Merenre (meaning beloved of Re) ruled Ancient Egypt during the sixth dynasty of the Old Kingdom. Merenre I was the oldest surviving son of Pepi I and Ankhenespepi II. He may perhaps have married his aunt Ankhenespepi I, and his children were Iput II, Neith and Ankhenespepi III.
His pyramid, in Saqqara South, appears not to have been completed. Merenre I's mummy found inside the pyramid would be the oldest known complete royal mummy.
The mummy was reasonably well preserved when it was discovered. Some of the upper front teeth were missing, as well as the lower mandible. The chest of the mummy was smashed in by tomb-robbers who were looking for some valuables. The head was torn loose from the body. The arms of the mummy are stretched out along the body and, curiously, both feet are spayed outwardly. The fact that his feet were displayed like this could mean multiple things. Either, it could of been a deformity that the subject suffered in life, or they could have been placed this way by the embalmers. It could also have just been laid in such a manner by its discoverers prior to it being photographed. The cause has not been determined.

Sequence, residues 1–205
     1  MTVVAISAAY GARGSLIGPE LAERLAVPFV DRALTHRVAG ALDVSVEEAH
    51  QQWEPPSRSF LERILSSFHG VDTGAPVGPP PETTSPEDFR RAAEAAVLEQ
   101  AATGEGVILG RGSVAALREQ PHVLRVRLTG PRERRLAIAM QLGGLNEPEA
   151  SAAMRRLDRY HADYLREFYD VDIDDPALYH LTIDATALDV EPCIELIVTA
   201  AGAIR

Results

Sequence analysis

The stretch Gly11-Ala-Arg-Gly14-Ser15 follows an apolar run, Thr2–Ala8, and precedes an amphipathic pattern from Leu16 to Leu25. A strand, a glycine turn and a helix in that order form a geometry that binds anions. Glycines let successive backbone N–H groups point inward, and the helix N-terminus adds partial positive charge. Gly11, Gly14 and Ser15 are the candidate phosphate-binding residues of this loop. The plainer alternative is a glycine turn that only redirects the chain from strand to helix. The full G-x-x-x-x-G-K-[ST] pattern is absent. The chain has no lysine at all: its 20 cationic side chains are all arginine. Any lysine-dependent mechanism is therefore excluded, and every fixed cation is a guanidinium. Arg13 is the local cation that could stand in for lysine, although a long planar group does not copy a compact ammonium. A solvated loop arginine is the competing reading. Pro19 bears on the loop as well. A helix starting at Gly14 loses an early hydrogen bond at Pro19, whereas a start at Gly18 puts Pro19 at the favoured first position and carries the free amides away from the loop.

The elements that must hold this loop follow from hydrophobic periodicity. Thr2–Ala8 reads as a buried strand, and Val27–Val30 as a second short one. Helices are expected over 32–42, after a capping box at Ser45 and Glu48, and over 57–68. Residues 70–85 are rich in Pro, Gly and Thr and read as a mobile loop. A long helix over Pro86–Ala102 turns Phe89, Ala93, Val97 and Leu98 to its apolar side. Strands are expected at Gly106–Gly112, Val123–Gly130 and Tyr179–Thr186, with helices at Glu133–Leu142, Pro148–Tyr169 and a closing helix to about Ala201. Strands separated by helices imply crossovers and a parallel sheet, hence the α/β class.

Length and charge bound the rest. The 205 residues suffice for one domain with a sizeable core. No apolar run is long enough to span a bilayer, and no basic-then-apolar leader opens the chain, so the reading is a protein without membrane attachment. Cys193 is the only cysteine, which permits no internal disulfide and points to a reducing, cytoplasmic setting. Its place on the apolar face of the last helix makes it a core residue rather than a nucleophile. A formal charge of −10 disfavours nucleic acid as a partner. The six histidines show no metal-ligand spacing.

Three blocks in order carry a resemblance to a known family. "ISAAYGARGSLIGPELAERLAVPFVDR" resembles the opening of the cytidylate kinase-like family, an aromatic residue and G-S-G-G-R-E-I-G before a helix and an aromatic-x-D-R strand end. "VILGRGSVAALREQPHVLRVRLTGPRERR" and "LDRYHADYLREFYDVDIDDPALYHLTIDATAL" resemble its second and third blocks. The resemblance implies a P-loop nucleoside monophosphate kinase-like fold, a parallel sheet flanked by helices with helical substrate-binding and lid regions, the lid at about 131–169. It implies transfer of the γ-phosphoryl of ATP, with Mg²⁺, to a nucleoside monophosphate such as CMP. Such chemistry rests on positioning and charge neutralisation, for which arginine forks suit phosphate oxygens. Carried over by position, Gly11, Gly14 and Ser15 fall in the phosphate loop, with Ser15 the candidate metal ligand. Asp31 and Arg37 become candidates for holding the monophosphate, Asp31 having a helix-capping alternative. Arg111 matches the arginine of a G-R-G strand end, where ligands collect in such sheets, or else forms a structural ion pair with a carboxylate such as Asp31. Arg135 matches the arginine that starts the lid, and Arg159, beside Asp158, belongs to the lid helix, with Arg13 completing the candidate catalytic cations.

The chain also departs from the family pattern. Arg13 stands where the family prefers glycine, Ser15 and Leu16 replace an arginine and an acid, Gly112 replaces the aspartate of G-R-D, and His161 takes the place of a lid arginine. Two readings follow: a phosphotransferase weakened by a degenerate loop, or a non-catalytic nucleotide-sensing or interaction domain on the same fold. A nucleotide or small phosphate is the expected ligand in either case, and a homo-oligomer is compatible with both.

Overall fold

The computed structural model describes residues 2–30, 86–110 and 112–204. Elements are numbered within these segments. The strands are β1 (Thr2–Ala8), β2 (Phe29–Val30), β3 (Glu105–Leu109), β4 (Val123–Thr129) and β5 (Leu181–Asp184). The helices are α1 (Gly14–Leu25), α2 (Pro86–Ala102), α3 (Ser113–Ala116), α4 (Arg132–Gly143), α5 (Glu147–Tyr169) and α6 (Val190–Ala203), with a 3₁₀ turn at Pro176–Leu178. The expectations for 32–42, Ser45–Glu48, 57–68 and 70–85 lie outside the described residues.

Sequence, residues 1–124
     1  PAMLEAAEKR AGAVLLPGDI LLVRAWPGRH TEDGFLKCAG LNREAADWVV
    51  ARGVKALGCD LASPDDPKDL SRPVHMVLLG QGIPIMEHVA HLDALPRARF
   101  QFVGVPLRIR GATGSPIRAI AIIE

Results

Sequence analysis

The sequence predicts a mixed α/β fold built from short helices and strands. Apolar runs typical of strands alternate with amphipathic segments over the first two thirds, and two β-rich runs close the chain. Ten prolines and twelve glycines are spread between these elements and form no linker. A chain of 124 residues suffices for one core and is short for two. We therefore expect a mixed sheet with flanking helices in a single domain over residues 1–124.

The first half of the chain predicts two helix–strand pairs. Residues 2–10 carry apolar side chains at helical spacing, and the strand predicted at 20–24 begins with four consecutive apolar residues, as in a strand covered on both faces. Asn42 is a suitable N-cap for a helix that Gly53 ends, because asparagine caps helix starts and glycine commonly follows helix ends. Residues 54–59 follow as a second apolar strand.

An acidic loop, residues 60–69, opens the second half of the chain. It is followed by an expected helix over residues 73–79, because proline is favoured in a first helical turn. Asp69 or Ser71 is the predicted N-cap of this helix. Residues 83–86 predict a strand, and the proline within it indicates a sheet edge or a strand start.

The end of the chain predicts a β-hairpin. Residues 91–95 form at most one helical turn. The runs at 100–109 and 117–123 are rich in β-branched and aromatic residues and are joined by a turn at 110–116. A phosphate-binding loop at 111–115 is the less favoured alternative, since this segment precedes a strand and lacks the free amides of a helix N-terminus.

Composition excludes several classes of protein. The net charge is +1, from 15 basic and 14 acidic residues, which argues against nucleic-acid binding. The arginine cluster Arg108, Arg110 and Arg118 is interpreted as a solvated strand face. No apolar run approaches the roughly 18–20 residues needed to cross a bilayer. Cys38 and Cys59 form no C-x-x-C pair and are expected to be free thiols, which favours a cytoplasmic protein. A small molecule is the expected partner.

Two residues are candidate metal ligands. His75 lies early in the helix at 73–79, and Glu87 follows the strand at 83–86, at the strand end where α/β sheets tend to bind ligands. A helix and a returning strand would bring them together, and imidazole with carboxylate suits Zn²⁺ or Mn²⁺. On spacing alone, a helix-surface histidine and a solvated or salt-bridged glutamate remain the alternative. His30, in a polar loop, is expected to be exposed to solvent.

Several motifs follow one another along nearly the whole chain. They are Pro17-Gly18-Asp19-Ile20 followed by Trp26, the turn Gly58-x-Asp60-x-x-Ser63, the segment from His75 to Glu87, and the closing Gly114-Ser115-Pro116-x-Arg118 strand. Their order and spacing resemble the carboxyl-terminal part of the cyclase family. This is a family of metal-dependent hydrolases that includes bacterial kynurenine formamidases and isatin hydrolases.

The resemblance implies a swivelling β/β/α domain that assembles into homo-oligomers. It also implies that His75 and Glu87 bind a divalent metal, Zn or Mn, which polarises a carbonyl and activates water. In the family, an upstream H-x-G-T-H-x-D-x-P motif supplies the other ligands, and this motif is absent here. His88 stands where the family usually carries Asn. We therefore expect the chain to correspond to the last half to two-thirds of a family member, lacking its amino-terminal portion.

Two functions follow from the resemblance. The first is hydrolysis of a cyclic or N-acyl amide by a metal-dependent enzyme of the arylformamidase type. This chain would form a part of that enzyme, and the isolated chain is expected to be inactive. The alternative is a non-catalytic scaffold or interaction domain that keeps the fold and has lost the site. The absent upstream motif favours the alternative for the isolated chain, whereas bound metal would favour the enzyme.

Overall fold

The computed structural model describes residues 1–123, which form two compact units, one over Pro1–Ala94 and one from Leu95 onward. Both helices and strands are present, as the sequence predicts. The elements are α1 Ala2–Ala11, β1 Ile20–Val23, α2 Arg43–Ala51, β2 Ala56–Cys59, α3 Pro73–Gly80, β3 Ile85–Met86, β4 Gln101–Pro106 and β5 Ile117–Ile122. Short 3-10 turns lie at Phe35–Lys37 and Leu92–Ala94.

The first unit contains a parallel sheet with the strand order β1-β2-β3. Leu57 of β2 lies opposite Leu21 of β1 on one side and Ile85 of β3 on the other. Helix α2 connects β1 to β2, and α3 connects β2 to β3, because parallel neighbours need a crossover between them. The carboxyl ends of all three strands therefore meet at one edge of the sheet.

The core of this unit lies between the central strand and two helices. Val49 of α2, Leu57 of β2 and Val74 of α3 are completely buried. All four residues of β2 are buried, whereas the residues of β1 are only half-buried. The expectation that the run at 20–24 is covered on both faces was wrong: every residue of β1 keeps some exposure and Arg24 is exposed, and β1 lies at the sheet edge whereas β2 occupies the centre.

The mummy was also found to have a so-called 'side-lock', a juvenile affectation in ancient Egypt, which is normally a sign that the subject was a youth when he died. G. Elliot-Smith, the Australian anatomist who was in charge of examining the royal mummies, considered this mummy to be of a much later date, i.e. probably the 18th Dynasty. The preservation of the mummy and the way it was embalmed, does not seem to correspond with other human remains of the late Old Kingdom. This leaves some skeptic with the discovery of this mummy, and whether it really is Merenre I's.
Kinder, J. (2014, August 30). Biography of Merenre I. Retrieved November 20, 2017, from http://ancient-egypt.org/index.html
Hill, J. (2011). Merenre I. Retrieved November 20, 2017, from http://www.ancientegyptonline.co.uk/MerenreI.html